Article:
And what did President Trump do to hold GM accountable? He did nothing. He went and attacked David Green, a local UAW representative who we’re going to talk to in just a few minutes, and basically gave them a free pass. In Lordstown, Trump let workers down by failing to enact policies to protect them and their jobs, and really left UAW members hanging out to dry—the same UAW members he later snubbed by failing to support their nationwide strike in 2019.

Meanwhile, President Biden worked in direct collaboration with organized labor. He helped nearly double the job opportunities in Belvidere, thanks to the bills he championed as president, as you were mentioning. And he also really helped spur a renaissance for organized labor in this country by making it clear that the person with the highest level of public office in this country has the backs of working people. He became the first president in American history to join a picket line, standing in solidarity with those workers.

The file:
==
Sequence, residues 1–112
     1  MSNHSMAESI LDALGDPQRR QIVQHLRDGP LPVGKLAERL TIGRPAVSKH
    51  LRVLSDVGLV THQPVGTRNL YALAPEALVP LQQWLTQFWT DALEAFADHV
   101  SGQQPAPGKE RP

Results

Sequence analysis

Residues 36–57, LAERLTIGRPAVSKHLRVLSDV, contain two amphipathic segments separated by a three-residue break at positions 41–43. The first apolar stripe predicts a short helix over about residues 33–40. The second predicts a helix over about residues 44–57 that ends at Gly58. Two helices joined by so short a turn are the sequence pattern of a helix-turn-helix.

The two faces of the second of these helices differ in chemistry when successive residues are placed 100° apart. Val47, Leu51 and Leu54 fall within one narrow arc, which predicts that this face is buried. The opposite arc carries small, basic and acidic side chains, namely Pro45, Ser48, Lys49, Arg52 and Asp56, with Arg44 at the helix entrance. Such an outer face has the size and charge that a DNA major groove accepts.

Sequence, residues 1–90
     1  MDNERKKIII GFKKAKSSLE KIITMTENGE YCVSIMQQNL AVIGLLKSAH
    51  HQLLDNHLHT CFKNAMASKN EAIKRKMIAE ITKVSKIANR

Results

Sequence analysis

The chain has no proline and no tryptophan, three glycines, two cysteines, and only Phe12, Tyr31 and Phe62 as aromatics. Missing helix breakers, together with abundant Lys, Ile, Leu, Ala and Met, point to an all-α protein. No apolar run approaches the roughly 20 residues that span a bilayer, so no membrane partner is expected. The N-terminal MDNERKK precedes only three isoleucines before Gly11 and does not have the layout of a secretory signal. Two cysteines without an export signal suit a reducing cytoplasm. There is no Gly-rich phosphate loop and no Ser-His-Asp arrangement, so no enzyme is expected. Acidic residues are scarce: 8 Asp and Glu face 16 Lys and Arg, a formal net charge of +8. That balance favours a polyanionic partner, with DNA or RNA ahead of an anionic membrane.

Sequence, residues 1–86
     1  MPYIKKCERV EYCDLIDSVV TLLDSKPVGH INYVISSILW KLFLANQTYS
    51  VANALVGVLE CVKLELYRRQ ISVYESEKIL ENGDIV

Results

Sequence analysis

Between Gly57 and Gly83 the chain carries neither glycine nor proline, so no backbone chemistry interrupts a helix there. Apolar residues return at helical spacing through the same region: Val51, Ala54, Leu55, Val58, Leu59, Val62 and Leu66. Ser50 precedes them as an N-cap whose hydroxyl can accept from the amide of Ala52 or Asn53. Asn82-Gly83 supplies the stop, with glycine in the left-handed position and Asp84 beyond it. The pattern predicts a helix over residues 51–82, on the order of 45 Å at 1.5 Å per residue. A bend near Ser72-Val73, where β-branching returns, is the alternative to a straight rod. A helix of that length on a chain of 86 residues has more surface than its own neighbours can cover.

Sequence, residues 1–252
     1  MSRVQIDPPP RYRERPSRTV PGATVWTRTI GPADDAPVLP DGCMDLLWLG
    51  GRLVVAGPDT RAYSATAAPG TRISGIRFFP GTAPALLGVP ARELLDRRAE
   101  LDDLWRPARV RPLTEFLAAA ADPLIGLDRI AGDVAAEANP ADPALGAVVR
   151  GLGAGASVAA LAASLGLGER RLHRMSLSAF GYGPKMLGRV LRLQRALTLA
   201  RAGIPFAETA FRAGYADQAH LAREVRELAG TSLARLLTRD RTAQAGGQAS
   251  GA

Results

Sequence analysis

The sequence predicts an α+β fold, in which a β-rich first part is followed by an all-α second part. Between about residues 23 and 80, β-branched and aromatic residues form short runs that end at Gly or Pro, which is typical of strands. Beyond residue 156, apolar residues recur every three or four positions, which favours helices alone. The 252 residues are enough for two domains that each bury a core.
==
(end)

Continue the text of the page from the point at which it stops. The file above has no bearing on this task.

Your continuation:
Gibbs Léger: That’s right. And as the daughter of two union parents, that really touched my heart. And when you look at the contrast here, I think it’s safe to say that President Biden is the most pro-labor president we’ve had in recent history.

But listen—don’t just take our word for it. We have a special guest here to help us break this down: David Green, director of UAW Region 2B, which represents union members in Ohio and Indiana. Dave, welcome to the show.

David Green: Thanks so much for having me here today.

Gibbs Léger: So to begin with—you have a strong connection to what happened in Lordstown. And you even asked President Trump to help there while GM was in the process of shutting down the plant. What kind of response did you get?

Green: So in 2018—it was the Monday after Thanksgiving—GM announced we would be unallocated. Contractually, they weren’t able to close the plants. So they, as stated, idled us and put us in limbo. We had started some community action program drive at home, trying to get, [to] expose the corporate greed that’s going on there, trying to expose how important that facility was to the community. I wrote a couple letters to President Donald Trump and got no reply. I didn’t even get a “I got your letter” letter. Crickets.